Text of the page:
The lights are on
Update: After we posted the original story, there was some confusion about how digital content works on the Xbox 360 and the Xbox One. We reached out to Microsoft for clarification.
"Xbox One makes it easy for everyone in your home to share digital games," a representative told us. "Your home's Xbox One console acts as a virtual game library filled with digital games that different people in the home bought. Anyone can sign in with their gamertag and play any digital game - even if the owner is not signed in and even if the console is not connected to the internet."
"Also, your digital games travel with you, so you can share games with friends when you sign into their console," the statement continues. "If you purchase a digital game when you are signed into your friend's console, your game will be available on your console at home for anyone to play. Once you sign out of your friend's console, they will no longer have access to the game you purchased."
"This is similar to how digital games work on Xbox 360 today. The difference is when you purchase a game on your friend's Xbox 360 console, the game is tied to that console you purchased it on, not your home console. When you go home, only you can play the game on your console, and no one else can play it on your console unless you sign in with your gamertag."
To be clear, when you purchase an Xbox 360 game remotely, anyone on the purchasing Xbox can use it (as was pointed out in the comments). However, use at home requires the purchasing Gamertag to be signed in. On the Xbox One, licenses are expressly tied to Gamertag only. This is a significant change, as our readers have pointed out that it is possible to get two copies from a single purchase on the Xbox 360.
One of the big complaints when Microsoft reversed course on the DRM and online connection topics was that it put the brakes on game sharing. Today, Microsoft has revealed some new details about how you'll be able to use your consoles and games more conveniently.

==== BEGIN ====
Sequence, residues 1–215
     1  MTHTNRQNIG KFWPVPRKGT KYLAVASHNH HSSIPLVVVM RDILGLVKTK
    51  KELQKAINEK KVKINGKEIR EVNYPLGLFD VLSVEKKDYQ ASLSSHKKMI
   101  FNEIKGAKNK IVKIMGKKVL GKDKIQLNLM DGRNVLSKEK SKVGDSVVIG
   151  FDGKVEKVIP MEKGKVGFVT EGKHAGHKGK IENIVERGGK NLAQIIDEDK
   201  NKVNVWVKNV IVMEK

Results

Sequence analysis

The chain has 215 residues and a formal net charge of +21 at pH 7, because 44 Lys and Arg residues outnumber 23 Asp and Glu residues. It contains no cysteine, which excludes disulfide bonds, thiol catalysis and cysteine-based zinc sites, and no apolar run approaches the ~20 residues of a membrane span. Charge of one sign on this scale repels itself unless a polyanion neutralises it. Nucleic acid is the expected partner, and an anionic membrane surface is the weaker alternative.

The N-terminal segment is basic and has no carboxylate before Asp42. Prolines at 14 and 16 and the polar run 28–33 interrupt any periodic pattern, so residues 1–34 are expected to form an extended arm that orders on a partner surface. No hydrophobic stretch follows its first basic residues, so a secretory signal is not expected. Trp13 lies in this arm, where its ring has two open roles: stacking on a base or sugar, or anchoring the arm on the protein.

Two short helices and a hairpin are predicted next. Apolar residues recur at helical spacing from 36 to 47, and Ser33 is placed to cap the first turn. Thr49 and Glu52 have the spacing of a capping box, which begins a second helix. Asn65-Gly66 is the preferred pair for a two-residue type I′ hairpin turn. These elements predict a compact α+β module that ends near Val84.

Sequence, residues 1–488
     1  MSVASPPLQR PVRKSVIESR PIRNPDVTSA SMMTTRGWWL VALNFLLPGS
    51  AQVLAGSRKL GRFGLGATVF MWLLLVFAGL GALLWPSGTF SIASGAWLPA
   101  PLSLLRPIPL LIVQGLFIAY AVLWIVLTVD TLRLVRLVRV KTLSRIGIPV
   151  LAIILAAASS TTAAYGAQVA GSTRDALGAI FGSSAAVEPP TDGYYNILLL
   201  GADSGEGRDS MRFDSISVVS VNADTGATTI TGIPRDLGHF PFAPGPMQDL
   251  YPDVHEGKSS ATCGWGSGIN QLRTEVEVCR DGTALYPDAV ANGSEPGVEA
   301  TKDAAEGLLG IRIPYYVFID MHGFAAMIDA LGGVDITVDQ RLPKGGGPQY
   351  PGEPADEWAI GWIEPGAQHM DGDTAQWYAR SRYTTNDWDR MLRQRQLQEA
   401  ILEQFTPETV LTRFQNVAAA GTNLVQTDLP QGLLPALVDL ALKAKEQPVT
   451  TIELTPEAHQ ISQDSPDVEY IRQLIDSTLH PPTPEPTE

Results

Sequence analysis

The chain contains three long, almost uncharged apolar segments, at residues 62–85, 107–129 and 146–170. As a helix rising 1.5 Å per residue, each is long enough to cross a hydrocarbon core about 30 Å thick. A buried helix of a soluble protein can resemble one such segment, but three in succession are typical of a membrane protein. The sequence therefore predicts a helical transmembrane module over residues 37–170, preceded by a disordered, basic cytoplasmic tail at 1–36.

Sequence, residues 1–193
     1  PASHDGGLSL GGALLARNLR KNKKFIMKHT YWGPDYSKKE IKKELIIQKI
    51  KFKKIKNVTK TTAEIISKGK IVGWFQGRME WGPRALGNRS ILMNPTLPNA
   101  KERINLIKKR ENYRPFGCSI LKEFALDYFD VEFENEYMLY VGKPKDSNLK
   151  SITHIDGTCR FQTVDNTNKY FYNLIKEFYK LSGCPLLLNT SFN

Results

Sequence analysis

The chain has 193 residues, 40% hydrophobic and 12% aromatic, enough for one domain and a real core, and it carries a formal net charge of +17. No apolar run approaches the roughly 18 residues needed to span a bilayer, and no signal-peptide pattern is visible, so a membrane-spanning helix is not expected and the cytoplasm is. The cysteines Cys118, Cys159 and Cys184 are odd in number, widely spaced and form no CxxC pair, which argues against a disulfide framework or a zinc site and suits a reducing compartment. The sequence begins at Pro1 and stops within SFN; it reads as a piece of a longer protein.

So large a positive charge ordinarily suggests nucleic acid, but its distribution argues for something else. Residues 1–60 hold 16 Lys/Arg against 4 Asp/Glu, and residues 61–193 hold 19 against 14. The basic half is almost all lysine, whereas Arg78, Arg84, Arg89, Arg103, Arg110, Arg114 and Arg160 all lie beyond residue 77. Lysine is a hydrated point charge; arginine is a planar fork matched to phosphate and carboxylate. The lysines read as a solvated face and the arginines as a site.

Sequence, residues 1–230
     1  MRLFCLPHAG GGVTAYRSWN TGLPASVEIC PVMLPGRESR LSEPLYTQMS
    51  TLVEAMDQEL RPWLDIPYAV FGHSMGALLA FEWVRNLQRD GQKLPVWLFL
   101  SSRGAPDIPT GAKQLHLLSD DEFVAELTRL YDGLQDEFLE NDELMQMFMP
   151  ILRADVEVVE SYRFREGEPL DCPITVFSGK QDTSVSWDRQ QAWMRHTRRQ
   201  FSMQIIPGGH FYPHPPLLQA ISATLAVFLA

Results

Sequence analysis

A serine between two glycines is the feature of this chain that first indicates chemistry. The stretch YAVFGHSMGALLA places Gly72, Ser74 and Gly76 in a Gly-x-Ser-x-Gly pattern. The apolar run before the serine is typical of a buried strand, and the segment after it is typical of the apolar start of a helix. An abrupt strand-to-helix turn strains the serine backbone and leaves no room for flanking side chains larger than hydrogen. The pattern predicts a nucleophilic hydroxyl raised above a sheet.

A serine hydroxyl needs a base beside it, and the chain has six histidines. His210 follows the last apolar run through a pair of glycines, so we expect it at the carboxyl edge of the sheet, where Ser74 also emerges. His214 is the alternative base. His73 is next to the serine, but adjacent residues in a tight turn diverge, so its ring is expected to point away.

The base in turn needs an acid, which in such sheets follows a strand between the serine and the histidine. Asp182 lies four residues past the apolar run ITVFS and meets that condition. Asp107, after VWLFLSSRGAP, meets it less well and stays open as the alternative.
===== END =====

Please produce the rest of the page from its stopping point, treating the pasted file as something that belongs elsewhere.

The first thing that stands out in Xbox chief product officer Marc Whitten blog post is that users will need to assign their Gamertags to a "home console." Doing so will allow anyone using that console to access all of the games tied to the profile.
In turn, this allows a Gamertag to be signed in on both an Xbox 360 and Xbox One. Additionally, multiple gamertags can access the content on the home console. This includes multiplayer and entertainment. In other words, the Xbox Live family plan might be gone, but upon owning an Xbox One, it's obsolete (for the new console).
Everything else works like it does on the Xbox 360. You can log in and access your content from other Xbox One consoles, and as long as your profile is active, the games can be used.
This isn't the full package as originally intended, as the sharing of digital games across ten "family members" (that need not actually be family) is still not back. However, the door isn't closed on that making a return later on.
[Source: Xbox Wire]
Our TakeThe biggest news out of this is how Home Gold will work. Not having to share a gamertag with family members is great for me. I'm excited that when I get an Xbox One my son won't accidentally kick me offline when he wants to watch Netflix.